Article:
Thursday, February 12, 2009

Unmasking religion

[The word larva referring to the newly hatched form of insects before they undergo metamorphosis comes from the Latin word lārva, meaning “evil spirit, demon, devil.” To understand why this should be so, first we need to know that the Latin word also was used for a terrifying mask, and in Medieval Latin it could mean “mask or visor.” Larva is therefore an appropriate term for that stage of an insect's life during which its final form is still hidden or masked, and New Latin lārva was thus applied in 1691 by Carolus Linnaeus, the Swedish botanist who originated our system of classifying plants and animals. The word larva is first recorded in English in its scientific sense in 1768, although it had been used in its “spirit” sense in 1651 in a way that foreshadowed the usage by Linnaeus. Home > Library > Literature & Language > Dictionary]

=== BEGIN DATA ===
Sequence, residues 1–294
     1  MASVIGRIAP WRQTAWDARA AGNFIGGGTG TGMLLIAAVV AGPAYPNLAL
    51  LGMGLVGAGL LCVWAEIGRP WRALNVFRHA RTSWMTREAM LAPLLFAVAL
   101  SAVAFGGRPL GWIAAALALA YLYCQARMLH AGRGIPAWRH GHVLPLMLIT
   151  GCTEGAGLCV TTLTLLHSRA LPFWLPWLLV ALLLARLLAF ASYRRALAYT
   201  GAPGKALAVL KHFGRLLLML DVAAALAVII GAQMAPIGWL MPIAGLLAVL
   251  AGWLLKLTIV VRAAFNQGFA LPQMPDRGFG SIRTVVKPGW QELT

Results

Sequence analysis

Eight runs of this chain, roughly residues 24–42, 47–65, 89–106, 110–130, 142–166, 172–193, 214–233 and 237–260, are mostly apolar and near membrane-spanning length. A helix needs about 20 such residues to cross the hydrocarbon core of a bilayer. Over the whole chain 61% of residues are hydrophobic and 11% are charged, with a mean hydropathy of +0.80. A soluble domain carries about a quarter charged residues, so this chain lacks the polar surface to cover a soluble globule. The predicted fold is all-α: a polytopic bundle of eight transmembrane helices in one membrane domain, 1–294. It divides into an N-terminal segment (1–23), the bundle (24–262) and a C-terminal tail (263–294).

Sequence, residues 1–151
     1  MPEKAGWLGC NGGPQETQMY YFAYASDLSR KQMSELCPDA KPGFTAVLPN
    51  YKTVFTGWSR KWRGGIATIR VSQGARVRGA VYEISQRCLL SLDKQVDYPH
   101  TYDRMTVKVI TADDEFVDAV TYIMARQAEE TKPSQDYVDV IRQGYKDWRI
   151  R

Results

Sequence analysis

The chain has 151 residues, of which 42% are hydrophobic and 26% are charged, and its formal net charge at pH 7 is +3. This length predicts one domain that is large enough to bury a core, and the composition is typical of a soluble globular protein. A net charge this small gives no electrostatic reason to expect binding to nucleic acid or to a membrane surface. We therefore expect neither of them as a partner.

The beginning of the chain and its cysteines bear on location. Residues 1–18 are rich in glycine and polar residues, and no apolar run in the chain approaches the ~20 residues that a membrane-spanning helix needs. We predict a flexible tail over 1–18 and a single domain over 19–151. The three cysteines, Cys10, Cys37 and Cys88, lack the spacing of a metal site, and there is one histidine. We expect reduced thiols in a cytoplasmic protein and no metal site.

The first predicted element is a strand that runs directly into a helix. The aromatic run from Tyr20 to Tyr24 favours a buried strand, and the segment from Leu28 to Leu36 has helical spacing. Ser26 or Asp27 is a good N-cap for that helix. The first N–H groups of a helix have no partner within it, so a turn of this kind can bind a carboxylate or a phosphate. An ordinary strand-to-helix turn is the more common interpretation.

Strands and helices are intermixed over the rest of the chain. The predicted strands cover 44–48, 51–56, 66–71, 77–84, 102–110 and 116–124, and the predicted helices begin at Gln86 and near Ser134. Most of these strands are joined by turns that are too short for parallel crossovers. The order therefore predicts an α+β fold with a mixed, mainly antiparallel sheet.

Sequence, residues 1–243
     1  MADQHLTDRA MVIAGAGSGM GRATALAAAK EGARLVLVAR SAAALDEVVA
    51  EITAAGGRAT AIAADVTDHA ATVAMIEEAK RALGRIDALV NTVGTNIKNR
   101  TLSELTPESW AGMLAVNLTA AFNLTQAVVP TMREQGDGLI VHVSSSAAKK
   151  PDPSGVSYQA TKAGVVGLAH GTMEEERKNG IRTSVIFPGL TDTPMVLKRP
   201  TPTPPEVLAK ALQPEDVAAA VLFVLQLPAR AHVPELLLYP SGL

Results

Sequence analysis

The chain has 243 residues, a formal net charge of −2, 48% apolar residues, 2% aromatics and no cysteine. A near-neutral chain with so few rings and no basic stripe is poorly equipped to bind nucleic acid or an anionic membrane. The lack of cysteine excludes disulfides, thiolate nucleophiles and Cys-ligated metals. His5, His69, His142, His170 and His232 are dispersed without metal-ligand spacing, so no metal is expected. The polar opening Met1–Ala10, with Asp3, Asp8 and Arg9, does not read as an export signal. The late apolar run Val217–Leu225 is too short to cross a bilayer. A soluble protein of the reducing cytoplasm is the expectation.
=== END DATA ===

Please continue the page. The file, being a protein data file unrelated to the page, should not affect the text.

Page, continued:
Decoupling religion and spirituality is not a rational act in the sense that the former is a larval condition of the latter. [TNM]

No comments:

Post a Comment